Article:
In recent times, there’s been plenty of hype in the media (and on social networking sites) about parents paying more attention to their devices than their children. These are just a few headlines I came across in my research.
“Step away from your mobile! Parents are warned phone addiction could damage bond with their child.” (1).
“Put down that cell phone! Study Finds Parents Distracted by Devices” (2).
“Parents busy with smartphones not paying enough attention to kids” (3).
As a mom with a smart phone, I have mixed feelings about this concept.
Let me begin by describing my (our) typical smartphone use … take a photo (or twenty), add to the grocery list, record an appointment, set up a reminder to pick up a windshield wiper, check the Facebook newsfeed, browse Pinterest for Father’s Day gift ideas, send a text message to my brother, take a phone call from Grandma, place a Walmart order, look up a recipe for tonight’s meal, browse pictures of beavers or muskrats, Google something (personality types, for example), investigate the weather forecast, watch a Franklin (more Big M than me), play the odd alphabet or number game (again, more Big M than me), listen to the latest country hits, craft and send a birthday card to a friend, read an ebook about a little raccoon who misses his momma, make a money transfer, update a Google document, check my email, make a video of Little M’s first steps. The list seems endless, and in a lot of ways, it’s utterly amazing that so much can be done with such a little device. We have the whole world in our hands, it seems.
Now, let me tell you WHEN I do most of these things … WHEN MY KIDS ARE SLEEPING! My phone use “peaks” during nap time or after bedtime … unless, of course, we’re doing something together WITH my phone (looking at photos of cousins who live far away, for example). I browse Pinterest, I check out Facebook, I shop online, I read an e-book about parenting, I text, I even play the odd game of cribbage with my husband … all those “naughty” things that moms are so often condemned for in the media.
Naturally, the majority of my photos and videos on my phone are of my kids, so my phone is present in these instances. Yes, I have sent a text message with my kids present. Yes, I have taken a phone call. Yes, I have added to a grocery list when my kids are around. Yes, we use my phone for craft and recipe ideas to build together. Yes, we use my phone to listen to music. Some days, we use my phone lots and some days, we hardly use it all. My phone has enabled our family to get rid of extra bills … a landline and a separate internet contract. It has eliminated the need for multiple “devices” … a home phone, a camera, a video camera, and a portable DVD player, to name a few. In the last year, my smartphone has become a welcome and convenient addition to our everyday life.
Now, I am not trying to justify my (our) phone use (though I do feel it is legitimate, meaningful, and positive … for the most part). I make every effort to educate my children (though they are awfully young yet) about when phone use is acceptable and what kind of phone use is acceptable. I set limits on my use and their use (no phones at the dinner table, for example). But I think there are too many assumptions in the media about how parents are using their phones, and with that, at times, comes some unnecessary judgement and guilt-mongering. One news article even went so far as to say, “‘You can get back to that information, you can get back to that technology later, but your kids are going to grow up and you’re going to miss them,’ … And that is time you won’t get back” (4). Good gracious. I think parents have enough to feel guilty about without feeling guilty about using their phones in a meaningful way. Yes, I’ve had my phone in my hand while pushing my kids on the swing … because I am trying to capture the joy they exude while swinging. Yes, my phone is generally close by when we’re playing on the deck … because we’re listening to some music. Yes, I carry my phone around in the grocery store … because that’s where I keep my list.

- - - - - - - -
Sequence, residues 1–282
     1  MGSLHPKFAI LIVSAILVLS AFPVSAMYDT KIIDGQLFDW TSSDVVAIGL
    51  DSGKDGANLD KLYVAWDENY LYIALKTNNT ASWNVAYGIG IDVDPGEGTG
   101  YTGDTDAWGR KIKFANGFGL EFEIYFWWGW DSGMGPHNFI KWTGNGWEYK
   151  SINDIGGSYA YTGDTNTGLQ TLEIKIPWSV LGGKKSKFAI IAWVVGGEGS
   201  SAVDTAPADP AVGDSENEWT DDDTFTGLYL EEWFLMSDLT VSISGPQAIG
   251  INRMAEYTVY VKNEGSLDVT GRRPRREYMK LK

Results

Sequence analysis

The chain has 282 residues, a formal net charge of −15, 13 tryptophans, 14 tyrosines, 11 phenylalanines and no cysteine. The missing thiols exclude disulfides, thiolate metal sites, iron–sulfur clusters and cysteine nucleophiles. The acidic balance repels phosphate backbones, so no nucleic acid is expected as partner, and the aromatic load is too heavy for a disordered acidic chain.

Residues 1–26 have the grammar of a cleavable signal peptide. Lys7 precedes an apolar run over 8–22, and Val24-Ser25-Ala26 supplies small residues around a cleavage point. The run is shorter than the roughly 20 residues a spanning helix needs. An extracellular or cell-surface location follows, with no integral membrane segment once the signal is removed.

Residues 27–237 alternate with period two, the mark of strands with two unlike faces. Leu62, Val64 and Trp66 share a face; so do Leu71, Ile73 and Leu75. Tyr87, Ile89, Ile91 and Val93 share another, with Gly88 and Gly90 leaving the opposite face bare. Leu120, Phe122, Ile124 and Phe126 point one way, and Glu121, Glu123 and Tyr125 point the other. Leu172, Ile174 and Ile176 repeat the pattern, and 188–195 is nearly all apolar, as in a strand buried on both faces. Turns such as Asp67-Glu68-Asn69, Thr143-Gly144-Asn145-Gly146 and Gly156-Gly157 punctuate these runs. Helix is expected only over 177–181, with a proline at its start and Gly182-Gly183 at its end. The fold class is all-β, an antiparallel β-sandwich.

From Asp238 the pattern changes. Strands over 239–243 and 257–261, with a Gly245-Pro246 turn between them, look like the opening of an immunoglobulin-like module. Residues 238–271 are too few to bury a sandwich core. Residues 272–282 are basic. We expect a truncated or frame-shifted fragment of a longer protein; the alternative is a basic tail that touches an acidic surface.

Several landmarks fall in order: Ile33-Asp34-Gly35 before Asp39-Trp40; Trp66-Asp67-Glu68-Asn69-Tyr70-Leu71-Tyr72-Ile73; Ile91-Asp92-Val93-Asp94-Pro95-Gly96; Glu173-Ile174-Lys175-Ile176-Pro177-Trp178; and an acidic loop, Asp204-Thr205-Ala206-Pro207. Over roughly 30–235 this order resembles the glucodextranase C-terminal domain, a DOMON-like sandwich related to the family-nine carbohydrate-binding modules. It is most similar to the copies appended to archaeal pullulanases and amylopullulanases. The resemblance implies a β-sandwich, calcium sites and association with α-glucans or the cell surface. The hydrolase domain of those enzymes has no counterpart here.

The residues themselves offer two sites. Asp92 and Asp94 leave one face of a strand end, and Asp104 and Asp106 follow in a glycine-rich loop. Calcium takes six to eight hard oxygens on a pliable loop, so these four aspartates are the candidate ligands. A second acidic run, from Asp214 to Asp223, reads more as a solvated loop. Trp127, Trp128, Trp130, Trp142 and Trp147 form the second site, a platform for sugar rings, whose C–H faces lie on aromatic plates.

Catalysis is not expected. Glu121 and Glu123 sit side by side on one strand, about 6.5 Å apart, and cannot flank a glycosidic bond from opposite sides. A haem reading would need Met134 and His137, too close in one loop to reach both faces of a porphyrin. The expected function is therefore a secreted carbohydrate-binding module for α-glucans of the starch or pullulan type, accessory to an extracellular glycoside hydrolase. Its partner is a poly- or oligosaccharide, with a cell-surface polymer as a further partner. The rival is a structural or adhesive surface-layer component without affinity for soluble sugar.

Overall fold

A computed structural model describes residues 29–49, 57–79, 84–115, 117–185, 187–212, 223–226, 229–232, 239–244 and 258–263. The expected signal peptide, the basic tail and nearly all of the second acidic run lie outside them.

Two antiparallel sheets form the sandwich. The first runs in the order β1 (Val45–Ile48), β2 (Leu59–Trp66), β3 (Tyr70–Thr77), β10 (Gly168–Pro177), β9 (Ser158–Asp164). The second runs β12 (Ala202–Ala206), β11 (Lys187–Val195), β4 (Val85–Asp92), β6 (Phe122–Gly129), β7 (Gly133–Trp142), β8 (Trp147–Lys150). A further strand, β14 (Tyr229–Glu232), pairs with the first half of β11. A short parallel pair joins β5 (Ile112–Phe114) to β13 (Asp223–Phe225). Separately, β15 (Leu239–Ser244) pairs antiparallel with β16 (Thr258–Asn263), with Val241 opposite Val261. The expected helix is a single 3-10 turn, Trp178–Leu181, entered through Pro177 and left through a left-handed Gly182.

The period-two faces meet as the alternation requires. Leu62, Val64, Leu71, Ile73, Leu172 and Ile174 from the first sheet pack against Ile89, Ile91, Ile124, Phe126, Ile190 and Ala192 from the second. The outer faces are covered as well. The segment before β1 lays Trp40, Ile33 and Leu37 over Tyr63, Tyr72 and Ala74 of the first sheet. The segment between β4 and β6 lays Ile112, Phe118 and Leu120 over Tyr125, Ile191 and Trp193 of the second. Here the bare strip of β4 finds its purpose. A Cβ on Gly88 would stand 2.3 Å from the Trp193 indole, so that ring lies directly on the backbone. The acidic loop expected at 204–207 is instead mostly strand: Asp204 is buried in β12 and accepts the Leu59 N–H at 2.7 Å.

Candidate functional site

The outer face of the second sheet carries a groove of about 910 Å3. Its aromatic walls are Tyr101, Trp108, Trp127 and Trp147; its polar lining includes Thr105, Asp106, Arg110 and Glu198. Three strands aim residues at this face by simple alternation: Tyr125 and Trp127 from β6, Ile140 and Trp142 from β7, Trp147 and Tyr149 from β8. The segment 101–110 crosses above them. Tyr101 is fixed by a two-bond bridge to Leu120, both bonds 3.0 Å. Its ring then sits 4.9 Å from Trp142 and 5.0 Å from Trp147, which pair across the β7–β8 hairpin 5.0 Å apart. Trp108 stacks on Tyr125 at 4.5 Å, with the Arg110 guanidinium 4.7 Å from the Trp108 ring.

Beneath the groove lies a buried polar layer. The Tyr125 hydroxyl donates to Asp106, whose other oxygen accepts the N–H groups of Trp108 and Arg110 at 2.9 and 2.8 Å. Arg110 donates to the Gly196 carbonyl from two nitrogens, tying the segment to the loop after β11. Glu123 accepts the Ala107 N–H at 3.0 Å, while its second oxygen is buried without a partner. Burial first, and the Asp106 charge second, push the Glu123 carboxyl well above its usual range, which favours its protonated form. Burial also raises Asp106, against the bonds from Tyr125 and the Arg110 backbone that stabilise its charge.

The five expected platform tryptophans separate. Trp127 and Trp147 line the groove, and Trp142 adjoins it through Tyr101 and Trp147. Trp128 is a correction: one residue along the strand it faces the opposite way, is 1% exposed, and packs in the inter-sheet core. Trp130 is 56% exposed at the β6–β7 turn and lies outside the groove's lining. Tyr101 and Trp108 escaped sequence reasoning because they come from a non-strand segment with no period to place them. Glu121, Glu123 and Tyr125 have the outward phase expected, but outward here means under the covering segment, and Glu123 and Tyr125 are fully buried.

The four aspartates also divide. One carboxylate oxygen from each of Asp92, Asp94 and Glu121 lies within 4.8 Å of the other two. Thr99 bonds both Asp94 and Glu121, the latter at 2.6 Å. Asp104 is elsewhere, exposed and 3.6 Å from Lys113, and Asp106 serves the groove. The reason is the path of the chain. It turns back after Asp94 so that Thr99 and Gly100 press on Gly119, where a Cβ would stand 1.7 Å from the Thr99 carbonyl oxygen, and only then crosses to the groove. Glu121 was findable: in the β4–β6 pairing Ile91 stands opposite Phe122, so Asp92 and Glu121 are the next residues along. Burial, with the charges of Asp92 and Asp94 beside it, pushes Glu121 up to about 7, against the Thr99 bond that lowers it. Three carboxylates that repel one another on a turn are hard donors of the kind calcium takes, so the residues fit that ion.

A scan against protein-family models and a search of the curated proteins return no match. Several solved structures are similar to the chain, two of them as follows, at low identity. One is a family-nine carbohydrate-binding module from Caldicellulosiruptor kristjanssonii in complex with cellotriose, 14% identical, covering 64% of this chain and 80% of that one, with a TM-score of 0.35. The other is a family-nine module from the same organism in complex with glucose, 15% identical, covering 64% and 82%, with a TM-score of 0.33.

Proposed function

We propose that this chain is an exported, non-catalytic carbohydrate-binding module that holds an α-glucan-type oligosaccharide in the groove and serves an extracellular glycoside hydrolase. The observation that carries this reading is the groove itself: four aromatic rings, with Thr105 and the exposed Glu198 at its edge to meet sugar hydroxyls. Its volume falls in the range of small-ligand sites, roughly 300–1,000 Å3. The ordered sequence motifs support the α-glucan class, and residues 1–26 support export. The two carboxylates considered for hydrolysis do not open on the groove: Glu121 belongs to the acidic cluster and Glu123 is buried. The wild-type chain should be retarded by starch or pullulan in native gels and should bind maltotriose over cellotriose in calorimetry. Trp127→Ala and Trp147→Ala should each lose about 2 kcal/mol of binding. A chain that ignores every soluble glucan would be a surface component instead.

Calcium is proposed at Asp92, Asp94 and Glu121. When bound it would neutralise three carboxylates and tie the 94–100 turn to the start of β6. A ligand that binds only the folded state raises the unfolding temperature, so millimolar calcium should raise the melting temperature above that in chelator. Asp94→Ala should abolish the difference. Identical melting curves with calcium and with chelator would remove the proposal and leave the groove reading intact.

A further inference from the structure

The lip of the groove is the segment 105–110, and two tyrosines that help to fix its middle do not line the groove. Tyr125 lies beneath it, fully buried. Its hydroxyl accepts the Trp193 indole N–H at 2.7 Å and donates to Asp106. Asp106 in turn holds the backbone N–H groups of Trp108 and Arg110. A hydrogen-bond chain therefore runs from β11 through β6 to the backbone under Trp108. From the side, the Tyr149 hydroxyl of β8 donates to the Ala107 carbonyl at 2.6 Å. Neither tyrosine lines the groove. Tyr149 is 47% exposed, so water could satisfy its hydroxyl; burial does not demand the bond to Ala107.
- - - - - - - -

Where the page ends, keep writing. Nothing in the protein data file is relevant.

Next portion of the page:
The purpose of this piece is simply to draw attention to the negative attitudes associated with smartphones, in particular, how parents are using smartphones to the detriment of their children’s overall well-being. Perhaps this is true in some cases (or a lot of cases); I cannot be sure (and I am not prepared to talk about that here). What I am sure of is this … smart phones are not going anywhere. In fact, what we’re able to do on our phones now will only become more extensive as time goes on. And let’s face it, parents can be distracted or preoccupied in any number of ways … not just by their phones. This is a reality of parenting and a reality of growing up. I am sure each of us can think of ways in which our own parents were “busy” or distracted in an age before smartphones … a rough day at work, a television program, or a load of laundry to fold. Distraction is inevitable … so I think we should be a bit more cautious in our condemnation of parents and their smartphone use. This is the world in which we and our children live, learn, and grow. We need to embrace the technology that exists. We’ve got the whole world in our hands.
4. “Parents busy with smart phones not paying enough …” 2014. 17 Jun. 2014 <http://kdvr.com/2014/03/10/parents-busy-with-smart-phones-not-paying-enough-attention-to-kids/>